ELKO – A district court order on whether the Nevada Legislature can move forward with efforts to raise taxes on the mining industry could come out yet this week or early next week, said Deputy Elko County District Attorney Rand Greenburg.
The order “would stop bills from going forward, unless there is an appeal to the Supreme Court. If there is an appeal to the Supreme Court the bills could go forward, until there is a final decision by the Supreme Court,” he said Wednesday.
“The Supreme Court decision would be final and would result in stopping the bills or would grant the Legislature the ability to pass the bills,” Greenburg said in an email after his report earlier in the day to Elko County Commissioners.
Commissioners informally agreed they want Nevada lawmakers to better understand how important the mining industry is to Elko County’s economy.
Jon Karr, chairman of the commissioners, said he wants to invite state lawmakers from Las Vegas to come to Elko “to see what our livelihood is and if they want to impact it.”
Commissioner Cliff Eklund said the board “needs to take an active stance” against raising mining taxes, especially the two resolutions calling for amending the Nevada Constitution to allow a tax on gross proceeds of mining, rather than net proceeds. The third would raise the net proceeds tax.
He said tax hikes would take money away from mining operations, which could result in layoffs or “shutdowns of marginal mines that work on a shoestring. We would lose jobs and it would be hard on our economy.”
Elko County joined a lawsuit against proposed ballot questions that would call for amend the Nevada Constitution to raise mineral taxes that Lander County originally filed in early September. Elko, Pershing and White Pine counties joined the lawsuit that was later consolidated with a similar claim filed by Nevada Gold Mines.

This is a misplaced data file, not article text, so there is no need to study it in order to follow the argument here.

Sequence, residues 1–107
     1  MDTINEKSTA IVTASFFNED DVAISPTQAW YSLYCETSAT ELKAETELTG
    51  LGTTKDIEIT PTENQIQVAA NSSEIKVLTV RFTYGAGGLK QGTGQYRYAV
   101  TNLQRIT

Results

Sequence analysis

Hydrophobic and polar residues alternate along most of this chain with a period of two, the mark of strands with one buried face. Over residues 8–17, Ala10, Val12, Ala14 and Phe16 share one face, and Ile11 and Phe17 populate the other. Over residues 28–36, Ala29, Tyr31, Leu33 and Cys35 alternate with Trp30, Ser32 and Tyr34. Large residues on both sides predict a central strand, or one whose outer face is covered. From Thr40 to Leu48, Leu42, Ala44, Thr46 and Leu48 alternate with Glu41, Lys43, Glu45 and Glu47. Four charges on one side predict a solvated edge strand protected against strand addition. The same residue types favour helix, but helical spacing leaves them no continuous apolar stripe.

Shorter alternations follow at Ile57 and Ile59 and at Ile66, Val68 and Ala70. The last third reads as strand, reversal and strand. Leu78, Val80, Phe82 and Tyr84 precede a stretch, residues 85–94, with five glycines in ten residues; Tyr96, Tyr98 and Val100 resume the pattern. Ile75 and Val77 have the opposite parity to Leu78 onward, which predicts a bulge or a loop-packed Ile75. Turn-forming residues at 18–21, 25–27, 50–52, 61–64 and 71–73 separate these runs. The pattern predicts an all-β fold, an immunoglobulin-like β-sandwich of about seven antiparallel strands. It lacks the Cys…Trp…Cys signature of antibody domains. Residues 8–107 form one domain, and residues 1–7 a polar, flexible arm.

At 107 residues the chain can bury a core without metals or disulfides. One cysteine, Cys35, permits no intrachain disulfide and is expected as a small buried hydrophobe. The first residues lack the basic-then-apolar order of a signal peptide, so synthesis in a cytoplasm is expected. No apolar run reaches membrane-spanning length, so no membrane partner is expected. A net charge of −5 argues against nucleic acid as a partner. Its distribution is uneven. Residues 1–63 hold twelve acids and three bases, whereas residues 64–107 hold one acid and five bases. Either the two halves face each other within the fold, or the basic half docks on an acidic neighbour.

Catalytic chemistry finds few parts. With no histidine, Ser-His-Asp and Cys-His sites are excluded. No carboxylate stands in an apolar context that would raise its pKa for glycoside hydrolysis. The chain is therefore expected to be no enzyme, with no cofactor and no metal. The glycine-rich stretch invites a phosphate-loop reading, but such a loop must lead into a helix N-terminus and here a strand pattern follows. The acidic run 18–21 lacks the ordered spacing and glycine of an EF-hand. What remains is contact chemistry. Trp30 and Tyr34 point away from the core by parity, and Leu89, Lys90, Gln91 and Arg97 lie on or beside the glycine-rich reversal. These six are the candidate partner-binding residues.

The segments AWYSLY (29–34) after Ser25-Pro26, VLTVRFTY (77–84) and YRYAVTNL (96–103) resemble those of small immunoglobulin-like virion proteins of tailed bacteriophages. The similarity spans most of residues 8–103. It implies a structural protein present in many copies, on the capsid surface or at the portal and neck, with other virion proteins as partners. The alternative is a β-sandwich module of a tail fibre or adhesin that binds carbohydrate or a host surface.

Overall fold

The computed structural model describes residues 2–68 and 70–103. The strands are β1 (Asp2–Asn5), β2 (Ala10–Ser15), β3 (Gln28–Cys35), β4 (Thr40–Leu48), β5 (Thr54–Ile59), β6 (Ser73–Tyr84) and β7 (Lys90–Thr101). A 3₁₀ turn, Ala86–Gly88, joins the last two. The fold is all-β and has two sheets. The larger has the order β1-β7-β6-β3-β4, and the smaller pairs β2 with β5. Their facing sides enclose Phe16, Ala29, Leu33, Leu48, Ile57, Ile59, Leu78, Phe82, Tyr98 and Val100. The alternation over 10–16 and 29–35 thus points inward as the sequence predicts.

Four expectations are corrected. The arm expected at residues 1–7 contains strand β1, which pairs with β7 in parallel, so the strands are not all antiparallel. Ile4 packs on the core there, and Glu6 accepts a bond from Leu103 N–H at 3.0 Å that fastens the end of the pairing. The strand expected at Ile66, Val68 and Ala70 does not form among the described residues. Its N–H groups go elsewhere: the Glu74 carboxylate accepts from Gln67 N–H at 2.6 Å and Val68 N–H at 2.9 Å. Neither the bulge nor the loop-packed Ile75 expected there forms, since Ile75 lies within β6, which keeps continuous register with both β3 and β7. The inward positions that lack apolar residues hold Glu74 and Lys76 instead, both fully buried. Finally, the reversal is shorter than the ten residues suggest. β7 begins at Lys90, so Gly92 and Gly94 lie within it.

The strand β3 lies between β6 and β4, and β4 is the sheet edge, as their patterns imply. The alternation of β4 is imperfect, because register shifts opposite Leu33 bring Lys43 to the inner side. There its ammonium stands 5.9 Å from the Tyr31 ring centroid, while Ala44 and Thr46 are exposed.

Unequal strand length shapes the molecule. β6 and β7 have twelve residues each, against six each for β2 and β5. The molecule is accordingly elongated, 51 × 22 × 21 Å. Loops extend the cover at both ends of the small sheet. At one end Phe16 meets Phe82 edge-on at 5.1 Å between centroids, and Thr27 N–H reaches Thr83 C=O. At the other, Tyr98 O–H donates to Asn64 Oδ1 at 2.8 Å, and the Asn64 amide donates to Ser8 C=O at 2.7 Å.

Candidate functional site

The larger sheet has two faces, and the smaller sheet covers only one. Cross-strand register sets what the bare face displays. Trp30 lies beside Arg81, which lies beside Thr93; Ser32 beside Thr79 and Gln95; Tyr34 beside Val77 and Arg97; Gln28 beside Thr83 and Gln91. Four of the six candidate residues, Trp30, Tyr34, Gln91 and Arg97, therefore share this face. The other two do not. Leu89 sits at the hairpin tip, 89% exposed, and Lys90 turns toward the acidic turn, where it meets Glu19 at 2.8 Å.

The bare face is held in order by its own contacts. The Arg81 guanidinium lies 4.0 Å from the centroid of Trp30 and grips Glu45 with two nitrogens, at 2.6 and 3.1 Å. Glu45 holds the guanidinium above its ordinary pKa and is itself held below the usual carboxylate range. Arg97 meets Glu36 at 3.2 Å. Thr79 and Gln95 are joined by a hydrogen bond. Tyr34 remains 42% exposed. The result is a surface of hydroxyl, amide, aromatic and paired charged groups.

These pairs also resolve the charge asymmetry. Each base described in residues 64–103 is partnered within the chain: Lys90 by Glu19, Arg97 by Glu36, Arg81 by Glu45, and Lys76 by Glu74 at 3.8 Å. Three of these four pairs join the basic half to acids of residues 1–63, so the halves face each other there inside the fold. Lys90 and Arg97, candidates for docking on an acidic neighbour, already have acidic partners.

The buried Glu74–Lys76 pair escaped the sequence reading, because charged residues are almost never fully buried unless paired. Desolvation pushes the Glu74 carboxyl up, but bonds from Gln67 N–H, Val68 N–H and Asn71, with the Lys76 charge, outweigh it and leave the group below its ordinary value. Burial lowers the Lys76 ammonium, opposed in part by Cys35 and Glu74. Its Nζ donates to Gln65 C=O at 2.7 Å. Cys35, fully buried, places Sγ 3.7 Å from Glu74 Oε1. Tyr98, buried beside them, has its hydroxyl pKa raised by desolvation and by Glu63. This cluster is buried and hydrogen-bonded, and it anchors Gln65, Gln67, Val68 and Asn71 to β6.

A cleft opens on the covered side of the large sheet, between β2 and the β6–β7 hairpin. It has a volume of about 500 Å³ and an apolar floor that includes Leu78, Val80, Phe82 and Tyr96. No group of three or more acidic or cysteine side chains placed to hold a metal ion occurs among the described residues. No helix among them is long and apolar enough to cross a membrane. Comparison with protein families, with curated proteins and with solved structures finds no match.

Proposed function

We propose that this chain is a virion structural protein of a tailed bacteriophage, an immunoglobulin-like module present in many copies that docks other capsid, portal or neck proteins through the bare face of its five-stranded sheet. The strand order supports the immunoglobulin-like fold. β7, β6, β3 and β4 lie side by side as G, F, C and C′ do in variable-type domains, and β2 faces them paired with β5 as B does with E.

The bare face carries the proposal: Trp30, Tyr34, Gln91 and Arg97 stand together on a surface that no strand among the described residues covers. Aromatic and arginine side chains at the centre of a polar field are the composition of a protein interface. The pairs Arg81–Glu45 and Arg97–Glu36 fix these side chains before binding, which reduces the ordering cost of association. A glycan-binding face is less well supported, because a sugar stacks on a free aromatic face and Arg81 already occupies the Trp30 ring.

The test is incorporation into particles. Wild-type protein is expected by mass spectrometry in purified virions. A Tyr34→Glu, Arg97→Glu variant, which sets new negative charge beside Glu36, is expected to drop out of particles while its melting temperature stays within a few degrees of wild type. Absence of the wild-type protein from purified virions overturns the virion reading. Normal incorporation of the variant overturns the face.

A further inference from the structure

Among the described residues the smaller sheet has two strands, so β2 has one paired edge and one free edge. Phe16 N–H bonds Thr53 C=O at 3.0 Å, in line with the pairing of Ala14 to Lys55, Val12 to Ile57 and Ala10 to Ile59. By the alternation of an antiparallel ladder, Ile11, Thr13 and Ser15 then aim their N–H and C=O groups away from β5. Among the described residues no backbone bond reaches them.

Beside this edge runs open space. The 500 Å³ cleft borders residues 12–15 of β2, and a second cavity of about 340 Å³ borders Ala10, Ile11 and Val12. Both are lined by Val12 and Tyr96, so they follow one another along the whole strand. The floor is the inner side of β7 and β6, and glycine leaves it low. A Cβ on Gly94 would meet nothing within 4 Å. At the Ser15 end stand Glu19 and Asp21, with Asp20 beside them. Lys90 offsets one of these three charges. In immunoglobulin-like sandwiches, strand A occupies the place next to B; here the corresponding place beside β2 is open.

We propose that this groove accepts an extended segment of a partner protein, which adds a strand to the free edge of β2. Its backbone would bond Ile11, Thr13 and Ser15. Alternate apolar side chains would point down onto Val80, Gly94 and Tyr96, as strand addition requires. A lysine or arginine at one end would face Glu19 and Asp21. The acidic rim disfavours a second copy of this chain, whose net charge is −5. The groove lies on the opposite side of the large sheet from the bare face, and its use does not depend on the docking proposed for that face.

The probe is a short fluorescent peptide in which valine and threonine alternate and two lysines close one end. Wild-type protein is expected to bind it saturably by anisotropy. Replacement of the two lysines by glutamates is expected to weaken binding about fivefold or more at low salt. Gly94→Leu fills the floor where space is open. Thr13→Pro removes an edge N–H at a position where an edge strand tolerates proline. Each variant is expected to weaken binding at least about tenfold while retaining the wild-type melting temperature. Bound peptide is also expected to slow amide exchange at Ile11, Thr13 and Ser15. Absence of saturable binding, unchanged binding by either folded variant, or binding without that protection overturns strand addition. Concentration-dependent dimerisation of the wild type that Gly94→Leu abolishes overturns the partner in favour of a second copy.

Nevada Gold Mines owns all the former Barrick Gold Corp. and Newmont Corp. mines in northeastern Nevada and is the largest gold producer in the state.
One proposed change would be to remove the 5% cap on net proceeds from minerals taxes and tax gross proceeds at 7.75%, with 25% of proceeds going to education. Another would allow the 7.75% tax on net proceeds but send 50% of the tax proceeds to state residents, while the third resolution would keep a net proceeds tax but raise the cap from 5 to 12%.
Carson City District Judge James Wilson heard from all sides in the lawsuit on Jan. 14. The Nevada Independent reported that arguments were focused on the legislative process, such as whether state lawmakers violated constitutional rules and requirements during the 2020 legislative session when the proposed constitutional changes were passed.
The attorney for Nevada Gold Mines, Todd Bice, accused lawmakers in the 2020 special session of a “naked power grab,” according to the Nevada Independent, while Solicitor General Craig Newby said the lawsuit should be dismissed because it focused on the “prospect of a future problem.”
If the judge allows the resolutions to go forward, they could be passed by the 2021 session to go on the statewide balloting in 2022.
With Nevada suffering financially because of the COVID-19 pandemic, mining companies agreed in that special session to pay net proceeds taxes in advance to help the state’s economy, but they were not happy about the proposed constitutional changes.